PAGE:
Nothing in organizations today is static—not org charts, not challenges, not employees. Many private sector companies have been experimenting with flexible workforce strategies for decades, but public sector agencies have largely stuck with traditional approaches. Even if they are no longer strictly command-and-control, most public sector org charts, hierarchies, and workforces have stayed comparatively static from year to year.
But that is beginning to change. Government agencies face constantly shifting needs from employees, citizens, and oversight bodies, along with rolling talent shortages. Many leaders are responding by driving a shift toward workforce fluidity, making flexibility the routine rather than the exception.
Increasingly, government agencies are embracing:
The result is the outline of a public sector workforce for the future; one that is mobile, flexible, skills-based, and collaborative.
Workers retiring today have held an average of a dozen jobs during their careers,2 and younger workers could look forward to even more, likely spanning a range of roles, industries, geographies, and employers. Mobility has become such a core value of the modern workplace that many public sector leaders are adopting talent models that enable workers and their skill sets to move within and even—temporarily—outside the public sector.3
This may be driven partly by challenge (the shortage of specialized skills that many agencies face) and partly by opportunity (boosting worker retention, engagement, and learning through internal mobility options). If done right, flexible talent models can be a win-win for managers and workers. Government agencies are exploring various types of arrangements, including:
In a similar vein, the US Nuclear Regulatory Commission is offering rotational assignments to early- and mid-career employees—a type of program familiar to many private sector employees.5 Through these temporary assignments, workers can gain experience working with different teams on different projects and broaden their skills.6
Indeed, some agencies are working to embed worker mobility into their culture. In 2021, the Australian Public Service offered rotation opportunities to university graduates, aimed at instilling a culture of mobility among young employees from the beginning. Results materialized quickly: Mobility among Australian public servants reached a 20-year high in 2021, with 5.7% of employees moving to another agency, compared to the earlier range of 1.5%–3.9%.9
The government of Singapore, facing rising attrition levels among civil service employees, is looking to shore up retention by expanding job rotations in the public sector, along with offering wellness counseling and making many pandemic-era flexible work arrangements permanent.12
“We’re never going to be able to match in the US government the kind of salaries or economic benefits that you can find in lots of parts of the tech sector as well. What we can offer, though, are fascinating problems to solve.” 13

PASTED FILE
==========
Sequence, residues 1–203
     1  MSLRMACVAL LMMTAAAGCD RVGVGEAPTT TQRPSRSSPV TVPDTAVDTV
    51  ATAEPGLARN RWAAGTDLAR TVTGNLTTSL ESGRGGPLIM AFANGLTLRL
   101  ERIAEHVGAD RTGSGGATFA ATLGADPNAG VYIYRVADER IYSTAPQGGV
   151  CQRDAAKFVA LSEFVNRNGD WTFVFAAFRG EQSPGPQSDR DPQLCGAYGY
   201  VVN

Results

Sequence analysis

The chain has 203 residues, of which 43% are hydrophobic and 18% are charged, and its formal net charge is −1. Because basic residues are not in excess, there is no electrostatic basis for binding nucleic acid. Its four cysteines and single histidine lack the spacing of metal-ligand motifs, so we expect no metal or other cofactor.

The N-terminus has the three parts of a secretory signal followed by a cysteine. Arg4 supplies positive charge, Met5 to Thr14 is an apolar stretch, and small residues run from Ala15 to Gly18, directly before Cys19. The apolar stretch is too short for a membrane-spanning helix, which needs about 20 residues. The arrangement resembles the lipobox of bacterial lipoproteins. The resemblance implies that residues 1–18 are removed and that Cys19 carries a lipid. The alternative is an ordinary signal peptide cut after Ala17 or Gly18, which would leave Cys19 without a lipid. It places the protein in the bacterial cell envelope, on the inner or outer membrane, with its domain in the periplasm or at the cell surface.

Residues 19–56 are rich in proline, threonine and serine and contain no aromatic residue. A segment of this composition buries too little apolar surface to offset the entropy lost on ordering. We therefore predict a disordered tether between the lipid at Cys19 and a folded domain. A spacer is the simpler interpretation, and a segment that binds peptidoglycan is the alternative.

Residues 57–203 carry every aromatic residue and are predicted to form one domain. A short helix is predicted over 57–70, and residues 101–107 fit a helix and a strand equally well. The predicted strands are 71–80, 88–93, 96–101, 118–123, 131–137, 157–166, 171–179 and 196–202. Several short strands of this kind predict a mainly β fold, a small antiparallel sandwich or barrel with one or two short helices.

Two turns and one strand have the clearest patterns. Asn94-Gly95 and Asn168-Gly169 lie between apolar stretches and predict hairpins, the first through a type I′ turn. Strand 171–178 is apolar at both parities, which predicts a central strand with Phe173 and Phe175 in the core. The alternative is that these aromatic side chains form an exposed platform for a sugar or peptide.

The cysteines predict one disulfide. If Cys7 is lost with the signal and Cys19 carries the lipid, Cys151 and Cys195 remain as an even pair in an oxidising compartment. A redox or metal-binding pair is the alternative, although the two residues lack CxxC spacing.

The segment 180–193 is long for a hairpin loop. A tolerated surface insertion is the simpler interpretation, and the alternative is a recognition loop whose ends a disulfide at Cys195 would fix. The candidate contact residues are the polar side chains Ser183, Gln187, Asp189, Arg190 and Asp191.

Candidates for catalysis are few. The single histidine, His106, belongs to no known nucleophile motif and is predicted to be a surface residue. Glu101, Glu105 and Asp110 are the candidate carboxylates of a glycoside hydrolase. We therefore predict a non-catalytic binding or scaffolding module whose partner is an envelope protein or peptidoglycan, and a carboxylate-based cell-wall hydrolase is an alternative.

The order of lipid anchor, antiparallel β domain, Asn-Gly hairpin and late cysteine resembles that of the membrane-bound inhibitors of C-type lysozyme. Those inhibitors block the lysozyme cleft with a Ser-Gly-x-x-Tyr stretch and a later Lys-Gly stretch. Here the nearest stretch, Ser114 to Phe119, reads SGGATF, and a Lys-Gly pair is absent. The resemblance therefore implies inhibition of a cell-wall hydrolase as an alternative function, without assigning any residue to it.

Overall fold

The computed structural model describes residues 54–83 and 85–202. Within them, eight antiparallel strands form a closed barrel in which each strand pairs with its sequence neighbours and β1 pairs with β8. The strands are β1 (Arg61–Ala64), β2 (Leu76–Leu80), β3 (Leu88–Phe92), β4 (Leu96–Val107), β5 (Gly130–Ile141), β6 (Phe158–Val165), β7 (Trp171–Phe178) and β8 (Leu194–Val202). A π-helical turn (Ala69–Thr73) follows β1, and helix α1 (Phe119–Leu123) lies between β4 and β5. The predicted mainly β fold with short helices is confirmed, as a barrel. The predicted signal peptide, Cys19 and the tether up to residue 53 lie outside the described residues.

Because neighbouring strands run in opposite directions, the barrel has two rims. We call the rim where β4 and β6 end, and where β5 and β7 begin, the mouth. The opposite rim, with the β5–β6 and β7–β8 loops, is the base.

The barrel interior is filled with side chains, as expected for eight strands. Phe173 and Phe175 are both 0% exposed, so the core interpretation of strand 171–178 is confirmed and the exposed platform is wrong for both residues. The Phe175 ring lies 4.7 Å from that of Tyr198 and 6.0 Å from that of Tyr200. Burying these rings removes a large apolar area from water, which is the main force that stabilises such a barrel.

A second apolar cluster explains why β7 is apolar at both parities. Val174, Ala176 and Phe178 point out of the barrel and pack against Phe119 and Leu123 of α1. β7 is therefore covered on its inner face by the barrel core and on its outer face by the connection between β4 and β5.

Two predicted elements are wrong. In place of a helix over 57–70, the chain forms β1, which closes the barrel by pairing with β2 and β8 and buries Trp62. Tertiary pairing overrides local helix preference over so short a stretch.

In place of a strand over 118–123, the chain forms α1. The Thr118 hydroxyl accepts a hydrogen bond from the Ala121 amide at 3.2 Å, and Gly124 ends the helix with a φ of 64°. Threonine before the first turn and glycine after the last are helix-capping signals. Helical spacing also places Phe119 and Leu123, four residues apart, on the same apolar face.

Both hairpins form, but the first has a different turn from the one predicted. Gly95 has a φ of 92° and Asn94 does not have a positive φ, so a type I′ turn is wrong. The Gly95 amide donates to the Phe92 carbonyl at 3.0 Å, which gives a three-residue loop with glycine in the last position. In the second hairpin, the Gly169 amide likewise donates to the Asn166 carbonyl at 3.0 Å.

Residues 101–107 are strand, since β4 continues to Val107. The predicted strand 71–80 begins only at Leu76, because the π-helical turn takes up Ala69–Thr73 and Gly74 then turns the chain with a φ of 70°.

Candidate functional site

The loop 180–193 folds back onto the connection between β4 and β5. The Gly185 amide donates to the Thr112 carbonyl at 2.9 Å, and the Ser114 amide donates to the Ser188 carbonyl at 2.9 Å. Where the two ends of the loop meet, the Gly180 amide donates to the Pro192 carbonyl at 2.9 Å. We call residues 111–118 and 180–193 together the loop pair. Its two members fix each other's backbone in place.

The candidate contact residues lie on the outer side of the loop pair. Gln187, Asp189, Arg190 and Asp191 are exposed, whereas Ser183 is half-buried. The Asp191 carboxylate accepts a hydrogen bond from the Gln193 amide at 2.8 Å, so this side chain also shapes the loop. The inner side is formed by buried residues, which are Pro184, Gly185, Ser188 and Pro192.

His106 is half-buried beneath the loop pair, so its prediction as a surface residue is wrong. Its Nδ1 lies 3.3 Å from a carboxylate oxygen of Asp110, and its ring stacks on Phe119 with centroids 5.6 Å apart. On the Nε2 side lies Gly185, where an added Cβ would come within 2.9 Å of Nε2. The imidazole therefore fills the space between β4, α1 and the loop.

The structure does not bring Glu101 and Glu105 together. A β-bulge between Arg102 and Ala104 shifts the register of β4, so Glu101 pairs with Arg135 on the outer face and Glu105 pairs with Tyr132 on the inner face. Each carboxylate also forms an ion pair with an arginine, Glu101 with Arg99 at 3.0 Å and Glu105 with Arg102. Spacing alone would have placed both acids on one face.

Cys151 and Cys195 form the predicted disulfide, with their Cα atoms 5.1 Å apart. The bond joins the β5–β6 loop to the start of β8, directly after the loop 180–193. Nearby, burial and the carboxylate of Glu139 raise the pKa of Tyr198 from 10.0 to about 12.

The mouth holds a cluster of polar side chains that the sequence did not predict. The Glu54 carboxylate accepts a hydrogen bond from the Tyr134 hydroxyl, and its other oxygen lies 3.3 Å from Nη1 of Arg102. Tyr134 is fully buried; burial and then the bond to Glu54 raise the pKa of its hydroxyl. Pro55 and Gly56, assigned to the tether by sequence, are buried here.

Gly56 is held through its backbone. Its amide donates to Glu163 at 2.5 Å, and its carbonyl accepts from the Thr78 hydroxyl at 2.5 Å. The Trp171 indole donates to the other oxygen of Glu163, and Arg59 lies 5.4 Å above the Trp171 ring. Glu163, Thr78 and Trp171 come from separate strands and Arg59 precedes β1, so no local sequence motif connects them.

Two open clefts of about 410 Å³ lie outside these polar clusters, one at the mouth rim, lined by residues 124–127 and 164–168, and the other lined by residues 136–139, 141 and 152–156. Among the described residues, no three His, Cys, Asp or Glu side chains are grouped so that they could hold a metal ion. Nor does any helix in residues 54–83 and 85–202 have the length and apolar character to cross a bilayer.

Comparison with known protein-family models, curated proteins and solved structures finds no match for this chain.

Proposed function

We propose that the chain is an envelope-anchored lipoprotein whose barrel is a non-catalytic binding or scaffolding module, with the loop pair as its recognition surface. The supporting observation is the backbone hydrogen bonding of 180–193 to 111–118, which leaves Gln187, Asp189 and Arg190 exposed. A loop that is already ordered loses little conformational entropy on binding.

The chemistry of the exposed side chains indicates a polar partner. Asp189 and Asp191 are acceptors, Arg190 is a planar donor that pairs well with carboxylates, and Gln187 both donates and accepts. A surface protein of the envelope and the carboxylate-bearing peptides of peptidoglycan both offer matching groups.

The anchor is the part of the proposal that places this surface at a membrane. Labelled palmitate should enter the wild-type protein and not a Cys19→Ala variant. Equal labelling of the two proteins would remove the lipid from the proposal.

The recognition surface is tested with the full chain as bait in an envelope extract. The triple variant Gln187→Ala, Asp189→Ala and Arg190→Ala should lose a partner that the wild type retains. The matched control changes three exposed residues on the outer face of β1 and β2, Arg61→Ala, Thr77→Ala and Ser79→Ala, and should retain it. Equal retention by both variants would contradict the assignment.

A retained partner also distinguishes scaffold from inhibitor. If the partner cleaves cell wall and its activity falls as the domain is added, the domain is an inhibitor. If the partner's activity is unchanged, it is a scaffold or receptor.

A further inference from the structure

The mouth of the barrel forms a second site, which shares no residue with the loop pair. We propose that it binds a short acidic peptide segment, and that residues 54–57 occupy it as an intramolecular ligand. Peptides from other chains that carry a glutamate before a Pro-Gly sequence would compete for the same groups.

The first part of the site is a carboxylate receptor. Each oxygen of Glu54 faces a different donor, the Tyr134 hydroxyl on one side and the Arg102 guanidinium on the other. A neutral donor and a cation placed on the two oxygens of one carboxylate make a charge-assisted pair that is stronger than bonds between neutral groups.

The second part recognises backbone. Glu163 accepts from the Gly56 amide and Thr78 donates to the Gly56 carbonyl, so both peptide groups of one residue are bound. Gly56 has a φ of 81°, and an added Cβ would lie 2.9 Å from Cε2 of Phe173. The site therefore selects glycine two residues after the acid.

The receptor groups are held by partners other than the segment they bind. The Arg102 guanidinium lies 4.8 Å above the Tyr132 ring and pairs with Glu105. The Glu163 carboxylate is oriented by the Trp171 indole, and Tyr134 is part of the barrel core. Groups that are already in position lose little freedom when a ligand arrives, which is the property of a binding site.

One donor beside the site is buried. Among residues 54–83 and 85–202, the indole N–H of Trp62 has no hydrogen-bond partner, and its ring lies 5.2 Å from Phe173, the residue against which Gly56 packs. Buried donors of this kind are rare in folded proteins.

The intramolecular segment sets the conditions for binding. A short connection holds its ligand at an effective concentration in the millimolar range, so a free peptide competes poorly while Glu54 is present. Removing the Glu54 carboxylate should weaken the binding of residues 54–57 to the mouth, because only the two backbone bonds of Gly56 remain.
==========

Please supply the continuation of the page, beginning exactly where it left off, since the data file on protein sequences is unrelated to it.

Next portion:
—CIA director Bill Burns, on the agency’s Technology Fellows program
Skills are increasingly becoming the organizing language of workplaces. In the private sector, some companies are moving toward organizing talent practices around skills or problems to be solved rather than traditional jobs.14 In a recent Deloitte survey, nearly two-thirds of executives who responded said work in their organizations is currently performed in teams or projects outside of employee’s core job descriptions. And over the next three years, 85% of HR executives expect to at least consider redesigning the way work is organized so that skills can be flexibly ported across the workplace.15
Agencies are beginning to shift toward a skills-based direction, particularly in hiring. For example, the US Office of Personnel Management recently released guidance on the federal government’s adoption of skills-based hiring practices—a notable step for federal hiring, historically reliant on a candidate’s educational credentials and self-assessments to gauge ability to perform in a job.16 Agency director Kiran Ahuja notes, “By focusing on what an applicant can do—and not where they learned to do it—skills-based hiring will expand talent pools by making it easier for applicants without a bachelor’s degree to demonstrate their skills and will help remove barriers to employment for historically underrepresented groups.”17
In the past year, LinkedIn reported a 21% increase in US job postings that advertise skills and responsibilities instead of qualifications and requirements.18
At the state level, in 2019, the Indiana Office of Technology was the first state agency to implement skills-based hiring with a connected apprenticeship program;19 Indiana has since become a leader in employing a skills-first approach for technical roles.20 Maryland has followed suit, dropping a four-year college degree as a prerequisite for thousands of state jobs and aiming to ensure that “qualified, nondegree candidates are regularly being considered for these career-changing opportunities.”21
Organizing talent by skill set can also make workers with specific skill sets more discoverable, creating more opportunities for candidates. Agencies such as the US Department of Defense (DoD) are increasingly realizing that their current job classification may not reflect a worker’s true skill set—and that they may have overlooked available pools of in-demand skills. Through the Defense Innovation Unit’s AI-enabled GigEagle platform, the DoD aims to match skills needed for short-term projects with the skill sets and experience of interested DoD reservists and National Guard members.22
Greater visibility into employees’ skills, combined with offering them the opportunity to augment their skills through training and education, can give agencies strength and flexibility when shifting focus or launching new initiatives. For example, as governments look to aid broad decarbonization efforts, Deloitte Economics Institute’s mapping of existing workforce skills shows that 80% of the skills necessary in the short-to-medium term to achieve net-zero emissions by 2050 already exist.23